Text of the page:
ARLINGTON, VA, June 22, 2017 — U.S. employees give their senior leadership low marks on key aspects of people management, including the ability to develop future leaders, evoke trust and confidence, and demonstrate sincere interest in employees’ well-being, according to research from Willis Towers Watson (NASDAQ: WLTW), a leading global advisory, broking and solutions company. Employees, however, give their immediate managers higher grades, although research shows significant room for improvement.
The Willis Towers Watson Global Workforce Study found that less than half (45%) of U.S. employees have trust and confidence in the job being done by their organization’s top leaders. That’s down from 55% who responded similarly in 2014. Just under half (47%) believe leaders have a sincere interest in employee well-being, while barely four in 10 (41%) think their organization is doing a good job of developing future leaders.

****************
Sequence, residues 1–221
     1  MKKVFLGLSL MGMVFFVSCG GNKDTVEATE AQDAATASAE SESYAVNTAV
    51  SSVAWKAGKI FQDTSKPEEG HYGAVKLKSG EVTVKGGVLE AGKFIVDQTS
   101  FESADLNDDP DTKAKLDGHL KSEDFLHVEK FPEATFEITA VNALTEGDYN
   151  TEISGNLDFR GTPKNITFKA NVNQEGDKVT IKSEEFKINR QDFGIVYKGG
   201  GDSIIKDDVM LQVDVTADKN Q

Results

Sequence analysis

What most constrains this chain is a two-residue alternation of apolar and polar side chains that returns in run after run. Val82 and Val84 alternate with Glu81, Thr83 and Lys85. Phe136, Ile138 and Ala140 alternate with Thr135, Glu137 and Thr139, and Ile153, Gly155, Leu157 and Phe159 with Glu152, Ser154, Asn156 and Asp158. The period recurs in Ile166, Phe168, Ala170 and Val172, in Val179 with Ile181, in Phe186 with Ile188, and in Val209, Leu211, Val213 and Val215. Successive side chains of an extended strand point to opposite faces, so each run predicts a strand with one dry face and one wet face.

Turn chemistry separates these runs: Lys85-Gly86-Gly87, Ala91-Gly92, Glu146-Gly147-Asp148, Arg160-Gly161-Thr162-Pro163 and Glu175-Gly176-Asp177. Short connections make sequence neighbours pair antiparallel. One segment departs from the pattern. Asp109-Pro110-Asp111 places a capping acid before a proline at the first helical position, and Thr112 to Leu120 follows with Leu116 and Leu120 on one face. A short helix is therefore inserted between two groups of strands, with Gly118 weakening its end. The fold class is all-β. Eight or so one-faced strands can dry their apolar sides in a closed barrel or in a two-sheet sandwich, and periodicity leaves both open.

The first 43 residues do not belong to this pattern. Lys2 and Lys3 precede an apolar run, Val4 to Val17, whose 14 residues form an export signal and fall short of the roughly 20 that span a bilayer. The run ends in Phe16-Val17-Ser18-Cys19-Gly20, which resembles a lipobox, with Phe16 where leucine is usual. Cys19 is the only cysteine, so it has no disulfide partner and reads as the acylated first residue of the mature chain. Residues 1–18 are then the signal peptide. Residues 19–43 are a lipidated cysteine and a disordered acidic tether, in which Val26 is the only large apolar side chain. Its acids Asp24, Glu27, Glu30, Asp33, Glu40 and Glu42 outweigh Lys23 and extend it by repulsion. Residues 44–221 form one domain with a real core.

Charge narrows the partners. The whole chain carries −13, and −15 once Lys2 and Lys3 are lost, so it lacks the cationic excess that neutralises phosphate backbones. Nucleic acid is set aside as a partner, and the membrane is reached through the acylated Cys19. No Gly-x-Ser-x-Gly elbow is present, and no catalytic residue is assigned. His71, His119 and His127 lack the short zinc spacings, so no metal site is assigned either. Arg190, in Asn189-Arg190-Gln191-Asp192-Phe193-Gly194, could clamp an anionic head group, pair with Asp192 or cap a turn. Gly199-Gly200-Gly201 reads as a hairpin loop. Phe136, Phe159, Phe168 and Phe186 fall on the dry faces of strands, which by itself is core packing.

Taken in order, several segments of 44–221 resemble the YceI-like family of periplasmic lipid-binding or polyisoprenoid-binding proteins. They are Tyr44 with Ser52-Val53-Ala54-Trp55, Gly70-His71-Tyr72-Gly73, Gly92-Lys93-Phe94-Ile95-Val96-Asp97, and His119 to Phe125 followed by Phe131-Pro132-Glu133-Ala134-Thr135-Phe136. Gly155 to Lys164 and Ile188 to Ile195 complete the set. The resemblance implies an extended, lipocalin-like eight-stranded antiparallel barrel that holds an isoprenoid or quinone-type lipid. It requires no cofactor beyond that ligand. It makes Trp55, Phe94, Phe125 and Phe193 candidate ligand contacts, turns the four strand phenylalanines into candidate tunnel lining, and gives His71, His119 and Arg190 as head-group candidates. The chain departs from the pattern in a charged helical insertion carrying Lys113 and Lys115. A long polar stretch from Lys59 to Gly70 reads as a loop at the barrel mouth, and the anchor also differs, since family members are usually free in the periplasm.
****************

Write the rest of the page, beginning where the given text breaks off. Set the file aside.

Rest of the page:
“With today’s dynamic business environment and the changing nature of the new world of work, the need for strong, effective corporate leaders is at an all-time high,” said Laura Sejen, managing director, Human Capital and Benefits, Willis Towers Watson. “The fact that a significant percentage of workers don’t believe their leaders are as effective as they can be is worrisome, given that strong leadership is a key driver of employee engagement.”
Employees view immediate managers more favorably. More than eight in 10 (81%) say their managers treat them with respect, while 75% say managers assign them tasks that are suited to their skills and abilities. A solid majority (60%) believe their managers communicate goals and assignments clearly.
The research, however, shows that immediate managers have much room for improvement. Barely half of employees…